mentality and waste money by overspecifying.
Save money by choosing
a more reasonable level of resistance.
A level 8 door could easily cost eight
times more than a level 1 bullet-resistant
WORK WITH A SECURITY
Even the most seasoned professionals
benefit from working with security
consultants. They are familiar with
the codes, trends, and products that
will help specify the appropriate door
for the schools' needs.
Security consultants can offer guidance
to help ensure that the entire
plan makes sense. For example,
a school recently being constructed
requested bullet resistant doors
and frames for a drywall application.
Having a bullet resistant assembly in
drywall can create a false sense
of security and waste the school’s
money. Security consultants are experts
at helping people avoid
these kinds of mistakes.
Between the hustle and bustle of
school activities and staff turnover,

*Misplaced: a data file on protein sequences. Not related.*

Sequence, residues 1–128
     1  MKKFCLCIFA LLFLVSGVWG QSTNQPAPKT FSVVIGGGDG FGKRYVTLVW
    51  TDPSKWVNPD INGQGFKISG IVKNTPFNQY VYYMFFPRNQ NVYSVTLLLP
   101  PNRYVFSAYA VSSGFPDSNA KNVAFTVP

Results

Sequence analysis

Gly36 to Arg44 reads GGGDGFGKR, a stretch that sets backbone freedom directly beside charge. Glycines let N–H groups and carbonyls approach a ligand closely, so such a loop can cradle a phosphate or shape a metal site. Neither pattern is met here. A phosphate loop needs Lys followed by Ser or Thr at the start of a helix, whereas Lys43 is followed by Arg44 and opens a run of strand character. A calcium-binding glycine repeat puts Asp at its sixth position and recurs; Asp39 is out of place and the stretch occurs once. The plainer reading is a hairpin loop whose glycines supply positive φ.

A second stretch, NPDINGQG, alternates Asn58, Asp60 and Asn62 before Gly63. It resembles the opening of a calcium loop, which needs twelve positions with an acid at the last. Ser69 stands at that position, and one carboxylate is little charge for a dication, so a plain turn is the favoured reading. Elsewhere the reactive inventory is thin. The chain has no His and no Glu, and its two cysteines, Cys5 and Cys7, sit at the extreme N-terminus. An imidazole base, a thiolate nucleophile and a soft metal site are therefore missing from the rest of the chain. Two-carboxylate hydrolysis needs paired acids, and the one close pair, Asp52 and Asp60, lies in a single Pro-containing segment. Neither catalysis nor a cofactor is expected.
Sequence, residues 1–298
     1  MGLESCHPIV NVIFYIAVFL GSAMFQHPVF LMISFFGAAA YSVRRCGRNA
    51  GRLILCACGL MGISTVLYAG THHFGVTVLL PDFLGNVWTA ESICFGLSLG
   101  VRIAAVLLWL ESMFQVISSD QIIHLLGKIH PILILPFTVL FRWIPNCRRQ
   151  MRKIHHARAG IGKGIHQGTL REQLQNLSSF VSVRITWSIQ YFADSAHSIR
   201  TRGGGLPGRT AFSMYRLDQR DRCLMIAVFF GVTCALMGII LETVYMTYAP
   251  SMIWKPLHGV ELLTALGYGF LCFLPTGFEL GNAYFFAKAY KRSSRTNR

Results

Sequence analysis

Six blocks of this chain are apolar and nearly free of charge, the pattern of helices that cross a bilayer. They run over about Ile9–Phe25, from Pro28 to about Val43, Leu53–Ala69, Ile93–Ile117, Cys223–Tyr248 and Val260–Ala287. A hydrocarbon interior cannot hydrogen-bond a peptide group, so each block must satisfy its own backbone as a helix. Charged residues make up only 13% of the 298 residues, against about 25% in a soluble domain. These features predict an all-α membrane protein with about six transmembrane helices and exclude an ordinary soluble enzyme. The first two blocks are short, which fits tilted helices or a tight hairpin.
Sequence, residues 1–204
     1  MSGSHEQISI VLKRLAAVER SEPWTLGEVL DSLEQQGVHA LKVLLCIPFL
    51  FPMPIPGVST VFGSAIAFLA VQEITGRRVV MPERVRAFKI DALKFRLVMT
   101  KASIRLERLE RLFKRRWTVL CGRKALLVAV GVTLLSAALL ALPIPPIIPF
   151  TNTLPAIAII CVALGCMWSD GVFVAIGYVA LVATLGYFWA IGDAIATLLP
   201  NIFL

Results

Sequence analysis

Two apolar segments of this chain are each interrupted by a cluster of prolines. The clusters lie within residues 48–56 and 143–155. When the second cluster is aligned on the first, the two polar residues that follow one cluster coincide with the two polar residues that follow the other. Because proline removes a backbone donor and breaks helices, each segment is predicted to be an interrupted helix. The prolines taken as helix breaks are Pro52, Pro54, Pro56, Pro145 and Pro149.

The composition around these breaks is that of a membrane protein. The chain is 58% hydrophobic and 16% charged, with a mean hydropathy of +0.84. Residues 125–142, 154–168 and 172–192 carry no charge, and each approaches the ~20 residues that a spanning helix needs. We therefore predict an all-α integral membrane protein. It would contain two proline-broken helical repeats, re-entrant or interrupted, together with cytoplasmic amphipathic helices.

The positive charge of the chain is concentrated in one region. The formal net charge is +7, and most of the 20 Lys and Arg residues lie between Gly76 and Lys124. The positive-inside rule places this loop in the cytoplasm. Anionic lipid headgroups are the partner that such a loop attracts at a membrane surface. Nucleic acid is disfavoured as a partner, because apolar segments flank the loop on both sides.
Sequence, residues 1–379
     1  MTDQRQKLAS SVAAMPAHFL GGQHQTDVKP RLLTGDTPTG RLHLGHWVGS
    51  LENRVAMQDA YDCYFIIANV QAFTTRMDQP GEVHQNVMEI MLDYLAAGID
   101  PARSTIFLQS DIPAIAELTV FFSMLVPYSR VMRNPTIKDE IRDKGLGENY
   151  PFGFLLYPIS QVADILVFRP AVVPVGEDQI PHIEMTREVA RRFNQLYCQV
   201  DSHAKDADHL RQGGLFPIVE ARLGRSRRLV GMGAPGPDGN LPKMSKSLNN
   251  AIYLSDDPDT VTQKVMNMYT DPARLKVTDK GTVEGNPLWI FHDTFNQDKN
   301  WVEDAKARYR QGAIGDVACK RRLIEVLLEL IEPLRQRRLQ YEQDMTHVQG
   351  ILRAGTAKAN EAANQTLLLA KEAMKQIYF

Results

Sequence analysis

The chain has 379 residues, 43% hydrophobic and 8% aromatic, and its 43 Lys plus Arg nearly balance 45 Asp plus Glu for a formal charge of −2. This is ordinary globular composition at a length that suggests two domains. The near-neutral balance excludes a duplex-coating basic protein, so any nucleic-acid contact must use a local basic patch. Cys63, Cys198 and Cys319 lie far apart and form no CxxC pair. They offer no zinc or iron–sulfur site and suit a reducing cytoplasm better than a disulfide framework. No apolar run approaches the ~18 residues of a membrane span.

mechanical keys are sometimes lost
by faculty, posing a security risk. Steel
doors are compatible with a variety
of electronic access control hardware
that is more secure and convenient
than standard keys. The majority of
electronic hardware is activated by
codes or cards.
- CODES – School staff enter a PIN
to unlock certain doors. PINs can
conveniently be created or disabled
at any time.
- CARDS – Many schools require
staff to carry around ID cards.
Other than for identification, staff scan their cards to gain entry to
locked rooms. Similar to PINs, ID
cards can easily be activated and
deactivated as necessary.
Retrofitting steel doors for electronic
hardware is much easier than it is for
wood doors. Steel lends itself to modifications;
it can be punched or drilled
and then filled and painted.
Aesthetics are undeniably an important
factor when selecting doors. Some
design professionals are under the
false impression that all steel doors
are plain. Fortunately, that isn’t the
case. They can be shaped, painted, or
finished to add an attractive design
element to any classroom.
Steel doors can be manufactured with
vision lites of any size or shape, or
with a stylish stile and rail design.
They can also be custom painted to
match any interior theme.
Many industry professionals have
learned over the years that the
strength and durability of steel doors
makes them a perfect fit for educational
facilities. Next time you’re inside
a school, check to see if the doors
are made of steel. If they are, the architect
or specifier was probably
an "A" student!